Break Not, Dump Not, Burn Not: EcoWaste Coalition Pushes for Safe Management of Mercury-Containing Lamp Waste

As the international community gathers in Sweden for the first session of the Intergovernmental Negotiating Committee to prepare a legally-binding treaty on mercury, a waste and toxic watchdog renewed its drive against the improper disposal of spent mercury-containing lamps.

The EcoWaste Coalition, in a statement issued from Stockholm, reiterated the urgency of putting in place a practical system for hazardous waste collection in the Philippines that will curb pollution from broken, crushed or burned fluorescent lamps containing mercury, a toxic chemical of global concern that causes significant harm to human and ecological health.

The EcoWaste Coalition, along with Ban Toxics, Global Alliance for Incinerator Alternatives and Health Care Without Harm from the civil society and the Department of Environment and Natural Resources fromthe government sector, are participating in the ongoing UN-organized meeting on mercury in Sweden (June 7-11).

“Mercury vapor is released into the environment from the breakage of fluorescent lamps during their use or when they are disposed. When spent lamps are thrown into the trash can, they usually end up in dumpsites or landfills where they are crushed, burned, or recycled without safety precautions and thereby causing the air, water and soil to be contaminated with mercury,” said Thony Dizon, Coordinator of the EcoWaste Coalition’s Project PROTECT (People Responding and Organizing against Toxic Chemical Threats).

“To reduce the risk of mercury exposure for consumers as well as for waste handlers and recyclers and their communities, we urge thegovernment to draw up and enforce a system towards the environmentally-sound management of discarded mercury-containing lamps, including arrangements for the safe containment and storage of collected mercury wastes,” commented Manny Calonzo, Co-Coordinator, Global Alliance for Incinerator Alternatives.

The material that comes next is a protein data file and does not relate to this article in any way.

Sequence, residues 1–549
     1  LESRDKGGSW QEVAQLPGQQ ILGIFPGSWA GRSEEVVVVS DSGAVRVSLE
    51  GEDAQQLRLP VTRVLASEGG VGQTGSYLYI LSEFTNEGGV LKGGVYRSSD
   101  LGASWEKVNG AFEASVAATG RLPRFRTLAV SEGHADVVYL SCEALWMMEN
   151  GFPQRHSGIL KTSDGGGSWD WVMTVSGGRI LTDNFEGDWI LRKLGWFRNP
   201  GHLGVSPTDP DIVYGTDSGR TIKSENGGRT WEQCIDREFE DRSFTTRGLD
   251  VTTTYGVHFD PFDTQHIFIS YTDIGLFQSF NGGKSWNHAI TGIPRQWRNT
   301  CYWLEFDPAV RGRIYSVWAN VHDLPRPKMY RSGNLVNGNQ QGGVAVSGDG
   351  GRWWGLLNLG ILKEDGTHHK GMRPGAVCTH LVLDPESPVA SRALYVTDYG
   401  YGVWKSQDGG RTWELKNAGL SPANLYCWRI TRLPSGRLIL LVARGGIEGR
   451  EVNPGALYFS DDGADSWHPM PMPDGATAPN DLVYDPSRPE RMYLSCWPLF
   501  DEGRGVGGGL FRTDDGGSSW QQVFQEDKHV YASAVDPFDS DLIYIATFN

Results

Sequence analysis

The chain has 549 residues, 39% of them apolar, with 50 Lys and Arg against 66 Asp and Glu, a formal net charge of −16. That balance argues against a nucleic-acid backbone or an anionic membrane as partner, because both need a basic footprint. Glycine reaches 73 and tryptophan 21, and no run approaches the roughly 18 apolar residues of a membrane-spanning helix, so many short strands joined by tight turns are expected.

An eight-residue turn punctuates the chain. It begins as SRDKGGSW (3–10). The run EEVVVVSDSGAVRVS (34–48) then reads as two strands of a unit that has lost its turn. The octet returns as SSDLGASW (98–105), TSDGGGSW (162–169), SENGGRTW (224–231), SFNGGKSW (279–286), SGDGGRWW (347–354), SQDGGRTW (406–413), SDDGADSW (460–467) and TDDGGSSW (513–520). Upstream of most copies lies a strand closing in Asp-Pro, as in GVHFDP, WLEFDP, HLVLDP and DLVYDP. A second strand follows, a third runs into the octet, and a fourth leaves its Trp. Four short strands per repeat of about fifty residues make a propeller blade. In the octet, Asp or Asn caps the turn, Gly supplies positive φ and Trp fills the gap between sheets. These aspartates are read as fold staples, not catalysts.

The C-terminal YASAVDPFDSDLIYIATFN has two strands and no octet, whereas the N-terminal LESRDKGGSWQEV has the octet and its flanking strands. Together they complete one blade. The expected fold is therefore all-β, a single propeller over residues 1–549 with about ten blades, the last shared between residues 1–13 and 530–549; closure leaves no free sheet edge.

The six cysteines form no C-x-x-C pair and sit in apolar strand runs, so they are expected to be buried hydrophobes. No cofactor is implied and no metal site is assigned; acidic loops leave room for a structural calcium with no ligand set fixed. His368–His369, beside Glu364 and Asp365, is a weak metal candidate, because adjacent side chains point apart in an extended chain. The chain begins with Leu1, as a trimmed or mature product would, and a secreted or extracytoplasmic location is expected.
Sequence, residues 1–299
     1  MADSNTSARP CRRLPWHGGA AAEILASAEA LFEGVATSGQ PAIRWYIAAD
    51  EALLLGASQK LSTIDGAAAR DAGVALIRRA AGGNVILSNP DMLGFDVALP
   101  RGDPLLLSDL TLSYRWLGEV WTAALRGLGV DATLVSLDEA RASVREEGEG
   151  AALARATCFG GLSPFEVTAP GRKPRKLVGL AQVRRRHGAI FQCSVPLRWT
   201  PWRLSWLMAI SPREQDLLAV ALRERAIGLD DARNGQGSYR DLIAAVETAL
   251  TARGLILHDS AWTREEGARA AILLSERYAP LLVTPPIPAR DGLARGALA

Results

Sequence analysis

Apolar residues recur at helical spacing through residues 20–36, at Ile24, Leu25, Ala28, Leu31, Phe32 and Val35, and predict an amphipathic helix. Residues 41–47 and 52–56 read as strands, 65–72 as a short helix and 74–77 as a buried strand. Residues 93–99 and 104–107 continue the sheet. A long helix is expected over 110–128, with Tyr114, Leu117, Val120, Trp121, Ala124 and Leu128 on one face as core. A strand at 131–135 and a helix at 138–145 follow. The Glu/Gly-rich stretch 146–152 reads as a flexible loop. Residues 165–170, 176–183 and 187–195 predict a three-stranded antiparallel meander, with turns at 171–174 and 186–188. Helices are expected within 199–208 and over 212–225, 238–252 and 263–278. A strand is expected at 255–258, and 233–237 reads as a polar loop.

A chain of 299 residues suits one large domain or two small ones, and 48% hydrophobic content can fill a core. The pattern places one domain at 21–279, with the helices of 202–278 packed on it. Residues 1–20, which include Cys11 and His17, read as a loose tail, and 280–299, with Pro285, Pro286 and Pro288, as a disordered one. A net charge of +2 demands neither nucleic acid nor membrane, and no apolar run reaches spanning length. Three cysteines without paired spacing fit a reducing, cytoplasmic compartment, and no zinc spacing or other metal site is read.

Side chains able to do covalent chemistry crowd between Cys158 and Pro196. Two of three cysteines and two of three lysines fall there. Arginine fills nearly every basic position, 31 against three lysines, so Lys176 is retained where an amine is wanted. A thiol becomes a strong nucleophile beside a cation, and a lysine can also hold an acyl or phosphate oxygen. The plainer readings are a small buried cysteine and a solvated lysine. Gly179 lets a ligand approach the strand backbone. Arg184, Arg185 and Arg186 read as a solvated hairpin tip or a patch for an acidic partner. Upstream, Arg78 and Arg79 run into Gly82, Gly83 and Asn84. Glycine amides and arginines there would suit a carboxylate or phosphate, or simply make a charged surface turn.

“The system, we hope, will also spell out the specific responsibilities of household and institutional users, local and national government agencies, and business and industry towards the environmentally-sound management of mercury-containing lamp waste,” he added.

The United Nations Environment Programme defines environmentally-sound management “as taking all practicable steps to ensure that hazardous waste or other wastes are managed in a manner which will protect human health and the environment against adverse effects which may result from such wastes.”

To contribute to raising community awareness on the proper management of spent fluorescent lamps, the EcoWaste Coalition simultaneously released in Manila and Stockholm its blue and yellow posters entitled“Dump Not, Burn Not Mercury Lamp Waste.”

“The posters represent our commitment to spreading information about mercury in products and promoting the ecological management of mercury-containing wastes,” Dizon said.

To protect human health and the ecosystems from mercury pollution, the EcoWaste Coalition encourages the public to abide by the following steps for safely managing spent compact, linear and circular fluorescent lamps:

1. Do not break. Handle spent mercury-containing lamps with extreme care as they can easily break.

2. Do not burn lamps containing mercury or throw them into regular waste bins.

3. Do not play with discarded lamps or leave them lying around.
4. Return spent lamp to its original box container or place in a clear plastic bag, seal and mark “Toxic: Lamp Waste with Mercury.”

5. Put the properly wrapped and labeled lamp waste into a secured place for temporary storage.

6. For increased protection against breakage, store spent lamps in an upright position and place in a covered tin or plastic container for smaller lamps or in a cupboard for linear lamps.

7. Mark the container where the lamp waste is stored with a readable warning: “Toxic: Lamp Waste with Mercury.”

8. Keep the storage area safe, out of children’s reach and away from the elements and human traffic.

9. Contact fluorescent lamp manufacturers and/or distributors to check if they have a take-back program for their spent products or suggest a take back program if they have none.

EcoWaste Coalition
Unit 329, Eagle Court Condominium
Matalino St., Quezon City, Philippines
+63 2 441-1846

1 Comment

  • A recent study conducted by the University of Minnesota tested the effectiveness of various packages in containing mercury vapor emitted from broken fluorescent lamps. Results indicate that single-layer cardboard boxes (representing the original box or container) as well as single layer boxes with a sealed plastic bag do not provide sufficient containment of mercury vapor. To protect people and the environment from hazardous mercury vapor, more stringent packaging standards should be put into place. Learn more about the only package that effectively contained mercury vapor here: http://vaporlok.blogspot.com.